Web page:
Inspire Direction and Purpose: Communicates goals, priorities and vision and recognises achievements.

1

2

3

Leadership Ability*

Optimise Business Outcomes: Manages resources effectively and applies sound workforce planning principles.

1

2

3

Leadership Ability*

Manage Reform and Change: Supports, promotes and champions sustainable change, and assists others to engage with change.

1

2

3

Leadership Ability

Inclusive Leadership: Supports and promotes a diverse, inclusive and accessible workforce

1

2

3

Interest in career progression

Exhibits a desire to contribute more and actively seek new opportunities in their field

1

2

3

Interest in leadership roles

Interested in pursuing more complex roles with increased scope, influence and accountability.

1

2

3

Add the scores down each column Subtotals      
Add the subtotals together TOTAL SCORE      

Identify the overall result

Low Potential = 10-15
Medium Potential = 16-29
High Potential = 30-37

OUTCOME      

* Core leadership capabilities required by all leaders as identified in the People Management Capabilities within the NSW Public Sector Capability Framework. Capability can be assessed at specific level based on the role expectations of each individual or the levels expected of the cohort if this is relevant for the talent review.

Content assessment

This guide provides an overview of the key elements involved in assessing an individual’s readiness for role change as an outcome of talent review. The role change may be a lateral move for increased complexity or exposure to develop capability to prepare for an upwards move or upwards move within an organisation or a cross-sector mobility opportunity.

Readiness considers an individuals’ aspirations and other attributes, aligned with merit based criteria.

The questions below can help leaders, people managers and HR to assess an individual’s readiness:

  • Does the individual have the required capabilities and experience to be successful in a new role / the proposed role?
  • Does the individual have aspiration or interest to pursue a role change? If yes, do they want additional leadership responsibilities?
  • Has the individual maximised the capability development opportunities from their current role?
  • Is there a retention risk if this individual is not considered for a role change?

Conversation guide 1: Individual aspirations

This guide provides an overview of the key elements involved in having an effective meeting with your employee to understand their individual aspirations. It is important to understand individual aspirations as an input to talent review.

How to effectively understand your employee’s individual aspirations

  1. Set the tone – to ensure that employees feel supported in sharing their aspirations, create an environment which allows the conversation to be driven by employee needs. Convey that the purpose of the conversation is to understand how the employee is finding their current role, and what they aspire to in the future including if change is not a focus for them right now.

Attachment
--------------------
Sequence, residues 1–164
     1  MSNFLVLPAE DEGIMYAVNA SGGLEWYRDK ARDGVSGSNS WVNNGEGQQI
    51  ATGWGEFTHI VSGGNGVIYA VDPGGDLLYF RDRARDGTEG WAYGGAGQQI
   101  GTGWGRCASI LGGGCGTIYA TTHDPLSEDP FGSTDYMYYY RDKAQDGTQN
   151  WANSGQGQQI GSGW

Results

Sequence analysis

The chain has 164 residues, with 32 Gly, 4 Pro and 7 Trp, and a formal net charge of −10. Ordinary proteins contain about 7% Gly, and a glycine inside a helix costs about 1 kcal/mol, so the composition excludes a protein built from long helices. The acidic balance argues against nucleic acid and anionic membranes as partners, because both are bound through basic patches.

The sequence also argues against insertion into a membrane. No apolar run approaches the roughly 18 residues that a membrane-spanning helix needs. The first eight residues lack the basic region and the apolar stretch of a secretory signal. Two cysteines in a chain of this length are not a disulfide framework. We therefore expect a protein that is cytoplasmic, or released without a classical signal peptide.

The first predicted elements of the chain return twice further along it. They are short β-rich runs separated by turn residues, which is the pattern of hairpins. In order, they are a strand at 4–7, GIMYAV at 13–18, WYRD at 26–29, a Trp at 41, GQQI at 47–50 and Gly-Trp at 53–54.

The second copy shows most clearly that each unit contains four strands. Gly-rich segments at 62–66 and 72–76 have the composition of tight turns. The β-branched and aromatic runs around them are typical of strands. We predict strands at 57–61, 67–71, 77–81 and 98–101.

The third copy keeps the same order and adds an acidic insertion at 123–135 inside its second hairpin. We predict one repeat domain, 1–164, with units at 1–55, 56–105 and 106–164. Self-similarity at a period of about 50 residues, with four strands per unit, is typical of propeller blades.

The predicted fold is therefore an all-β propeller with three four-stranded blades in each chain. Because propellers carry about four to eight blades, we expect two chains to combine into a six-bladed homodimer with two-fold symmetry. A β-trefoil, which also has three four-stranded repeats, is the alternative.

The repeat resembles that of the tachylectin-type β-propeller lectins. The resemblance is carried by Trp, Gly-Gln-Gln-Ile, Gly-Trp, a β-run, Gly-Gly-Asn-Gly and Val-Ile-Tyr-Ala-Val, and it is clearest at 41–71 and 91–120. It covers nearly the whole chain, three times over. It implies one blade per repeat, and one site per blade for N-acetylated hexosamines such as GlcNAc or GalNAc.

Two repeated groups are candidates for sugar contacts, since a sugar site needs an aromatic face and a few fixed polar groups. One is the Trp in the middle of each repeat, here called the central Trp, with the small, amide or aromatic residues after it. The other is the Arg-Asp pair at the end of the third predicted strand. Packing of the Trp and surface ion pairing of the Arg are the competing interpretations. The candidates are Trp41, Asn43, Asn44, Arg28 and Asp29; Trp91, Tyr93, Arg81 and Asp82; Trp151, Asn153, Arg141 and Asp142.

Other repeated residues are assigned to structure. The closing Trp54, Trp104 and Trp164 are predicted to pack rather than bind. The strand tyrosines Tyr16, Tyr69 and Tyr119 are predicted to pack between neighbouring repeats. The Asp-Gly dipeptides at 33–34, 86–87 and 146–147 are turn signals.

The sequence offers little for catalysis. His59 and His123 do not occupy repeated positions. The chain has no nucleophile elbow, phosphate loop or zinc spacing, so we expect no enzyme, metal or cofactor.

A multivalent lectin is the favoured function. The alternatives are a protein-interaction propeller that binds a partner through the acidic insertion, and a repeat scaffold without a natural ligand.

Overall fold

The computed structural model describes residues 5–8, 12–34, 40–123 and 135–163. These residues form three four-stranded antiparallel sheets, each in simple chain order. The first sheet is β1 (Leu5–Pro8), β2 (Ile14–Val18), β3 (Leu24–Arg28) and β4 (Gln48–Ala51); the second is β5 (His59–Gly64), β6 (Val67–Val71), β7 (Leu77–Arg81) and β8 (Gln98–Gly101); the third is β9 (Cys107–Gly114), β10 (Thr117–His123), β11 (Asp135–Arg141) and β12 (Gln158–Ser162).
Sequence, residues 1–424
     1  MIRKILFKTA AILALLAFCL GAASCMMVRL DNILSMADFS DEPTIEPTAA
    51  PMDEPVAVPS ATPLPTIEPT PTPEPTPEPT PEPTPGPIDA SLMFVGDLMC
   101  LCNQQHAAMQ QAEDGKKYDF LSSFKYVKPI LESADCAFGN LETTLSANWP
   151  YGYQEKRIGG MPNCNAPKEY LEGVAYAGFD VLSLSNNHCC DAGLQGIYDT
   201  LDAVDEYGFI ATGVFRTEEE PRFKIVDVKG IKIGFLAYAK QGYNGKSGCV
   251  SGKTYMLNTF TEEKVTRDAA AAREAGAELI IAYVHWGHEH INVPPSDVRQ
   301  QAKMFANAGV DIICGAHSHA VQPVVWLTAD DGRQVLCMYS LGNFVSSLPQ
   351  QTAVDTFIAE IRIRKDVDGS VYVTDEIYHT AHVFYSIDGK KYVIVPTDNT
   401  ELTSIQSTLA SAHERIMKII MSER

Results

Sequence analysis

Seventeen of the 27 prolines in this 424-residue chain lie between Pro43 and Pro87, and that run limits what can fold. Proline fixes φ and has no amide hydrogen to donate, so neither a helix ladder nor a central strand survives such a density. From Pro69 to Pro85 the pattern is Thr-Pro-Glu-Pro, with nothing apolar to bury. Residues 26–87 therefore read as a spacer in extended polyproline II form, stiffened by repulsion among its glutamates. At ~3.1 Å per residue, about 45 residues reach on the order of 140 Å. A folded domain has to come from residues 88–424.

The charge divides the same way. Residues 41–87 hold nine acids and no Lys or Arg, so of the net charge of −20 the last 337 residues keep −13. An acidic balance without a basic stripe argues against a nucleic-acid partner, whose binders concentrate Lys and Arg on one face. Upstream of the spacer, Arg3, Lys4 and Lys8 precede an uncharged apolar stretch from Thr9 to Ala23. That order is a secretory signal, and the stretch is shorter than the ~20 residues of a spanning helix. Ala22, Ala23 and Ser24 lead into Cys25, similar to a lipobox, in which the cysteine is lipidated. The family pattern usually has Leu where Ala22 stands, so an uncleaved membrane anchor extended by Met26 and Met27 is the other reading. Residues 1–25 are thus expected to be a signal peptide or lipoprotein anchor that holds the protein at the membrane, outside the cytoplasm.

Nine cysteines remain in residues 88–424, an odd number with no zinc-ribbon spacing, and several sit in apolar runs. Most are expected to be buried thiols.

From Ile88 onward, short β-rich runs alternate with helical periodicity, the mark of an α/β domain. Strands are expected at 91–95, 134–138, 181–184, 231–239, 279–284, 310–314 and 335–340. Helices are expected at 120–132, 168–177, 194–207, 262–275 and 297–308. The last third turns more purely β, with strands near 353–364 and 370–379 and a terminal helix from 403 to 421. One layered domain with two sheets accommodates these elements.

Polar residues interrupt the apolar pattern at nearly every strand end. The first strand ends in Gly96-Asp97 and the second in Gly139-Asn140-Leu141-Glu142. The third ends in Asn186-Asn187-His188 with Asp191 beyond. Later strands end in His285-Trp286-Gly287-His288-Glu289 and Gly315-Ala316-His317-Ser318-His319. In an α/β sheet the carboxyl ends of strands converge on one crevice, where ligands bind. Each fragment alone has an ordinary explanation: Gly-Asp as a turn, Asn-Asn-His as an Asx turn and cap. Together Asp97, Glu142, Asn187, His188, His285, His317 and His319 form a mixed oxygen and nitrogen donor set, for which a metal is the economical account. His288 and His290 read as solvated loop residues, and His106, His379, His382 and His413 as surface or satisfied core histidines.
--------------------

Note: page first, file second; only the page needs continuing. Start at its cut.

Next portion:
2. Understand the employee’s view on their current role – ask questions to understand how satisfied the employee is in their current role. Understanding what motivates and makes the employee feel valued, and what they find both enjoyable and challenging in their current role will create the foundation for a more effective discussion of their future aspirations.

  3. Understand your employee’s future aspirations – ask questions to understand the employee’s career aspirations and how they view their future in the organisation. Develop an understanding of your employee’s short-, mid- and long-term goals, including whether they aspire to take on additional leadership responsibilities. Ask questions to test the reality of their aspirations and discuss what experiences will be helpful to meet their aspirations.
  4. Focus on development outcomes – discuss with your employee what support or development opportunities they think they require to meet their career aspirations. Make it clear that their preferences will be taken on board, but won’t be the sole determinant of talent review outcomes.

Conversation guide 2: Talent review moderation

This guide provides an overview of the key elements involved in facilitating an effective talent review moderation discussion.

How to facilitate an effective talent review moderation discussion

  1. Involve the right people – Talent review meetings should be undertaken by a group of people to provide multiple perspectives. It should include people who have direct knowledge of the individuals nominated and an independent member, where possible, to ensure objectivity. Membership will change for different role levels and divisions, and between different cycles of talent review. Consider how members will be bound to confidentiality regarding confidential talent information shared with them including what is discussed at the meeting.